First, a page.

A Catholic Runs for President: The Campaign of 1928

By Edmund A. Moore | Go to book overview
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Conclusion

The details of the events of the last few weeks of the campaign need not concern us here. The issue of Smith's Catholicism remained important until election day. The pattern of the campaign within a campaign was fixed long before Smith made his appeal in Oklahoma. For ten days after the Oklahoma City speech, according to the North American Newspaper Alliance, the religious issue led all others in newspaper space. Thereafter it returned increasingly to a covert status.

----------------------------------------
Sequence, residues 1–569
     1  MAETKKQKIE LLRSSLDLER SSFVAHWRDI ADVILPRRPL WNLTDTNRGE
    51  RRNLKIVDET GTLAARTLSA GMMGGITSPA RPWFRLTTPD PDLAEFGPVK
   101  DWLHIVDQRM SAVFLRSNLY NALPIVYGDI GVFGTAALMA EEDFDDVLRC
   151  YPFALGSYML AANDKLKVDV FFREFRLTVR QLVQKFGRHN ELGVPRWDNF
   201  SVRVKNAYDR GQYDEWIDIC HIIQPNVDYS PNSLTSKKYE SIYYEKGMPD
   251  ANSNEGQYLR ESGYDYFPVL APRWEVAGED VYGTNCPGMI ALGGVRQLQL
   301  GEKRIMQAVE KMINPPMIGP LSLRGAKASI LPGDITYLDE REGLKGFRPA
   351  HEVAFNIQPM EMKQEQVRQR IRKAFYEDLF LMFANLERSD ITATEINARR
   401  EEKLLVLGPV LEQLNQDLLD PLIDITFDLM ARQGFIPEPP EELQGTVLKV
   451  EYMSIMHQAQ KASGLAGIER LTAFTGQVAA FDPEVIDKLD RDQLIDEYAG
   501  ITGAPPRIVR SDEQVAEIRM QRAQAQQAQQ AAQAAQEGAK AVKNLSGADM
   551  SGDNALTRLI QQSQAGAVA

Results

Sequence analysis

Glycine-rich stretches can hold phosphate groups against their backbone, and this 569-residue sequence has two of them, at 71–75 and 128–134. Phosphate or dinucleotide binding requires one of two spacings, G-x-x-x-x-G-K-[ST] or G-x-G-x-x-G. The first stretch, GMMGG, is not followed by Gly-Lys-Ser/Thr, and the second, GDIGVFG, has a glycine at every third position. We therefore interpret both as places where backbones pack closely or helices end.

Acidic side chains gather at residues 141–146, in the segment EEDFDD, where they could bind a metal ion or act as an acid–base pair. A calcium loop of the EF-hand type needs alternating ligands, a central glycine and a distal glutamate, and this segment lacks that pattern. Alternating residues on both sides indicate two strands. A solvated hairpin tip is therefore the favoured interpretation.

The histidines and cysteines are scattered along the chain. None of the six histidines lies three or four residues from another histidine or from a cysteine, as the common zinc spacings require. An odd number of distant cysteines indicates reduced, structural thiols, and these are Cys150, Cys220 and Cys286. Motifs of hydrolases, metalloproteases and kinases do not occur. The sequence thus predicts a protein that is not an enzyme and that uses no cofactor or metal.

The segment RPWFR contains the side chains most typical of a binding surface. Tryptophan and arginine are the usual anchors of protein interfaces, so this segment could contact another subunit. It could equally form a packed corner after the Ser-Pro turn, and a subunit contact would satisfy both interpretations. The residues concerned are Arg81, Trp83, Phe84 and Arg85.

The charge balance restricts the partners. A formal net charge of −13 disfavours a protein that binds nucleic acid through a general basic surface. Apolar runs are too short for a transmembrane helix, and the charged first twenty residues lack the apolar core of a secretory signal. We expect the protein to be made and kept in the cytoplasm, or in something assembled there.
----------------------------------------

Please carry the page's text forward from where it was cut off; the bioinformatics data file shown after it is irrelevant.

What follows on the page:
Smith lost the election by a wide margin, although he polled the largest popular vote any Democratic candidate had yet received. Doubtless the huge vote was chiefly due to those special issues that were symbolized by Al Smith. Unless much circumstantial evidence is meaningless, many cast their ballots more against Smith than for Hoover. The Upper South, together with Florida and Texas, voted Republican, thus breaking the tradition of the Solid South. A combination of factors, so interlaced as to defy complete separation, explain the defection of half the South. For the country as a whole, prosperity was the key issue. The religious factor is of particular importance both for 1928 and for the future course of American history. The concomitant social issues of great importance included Prohibition, the

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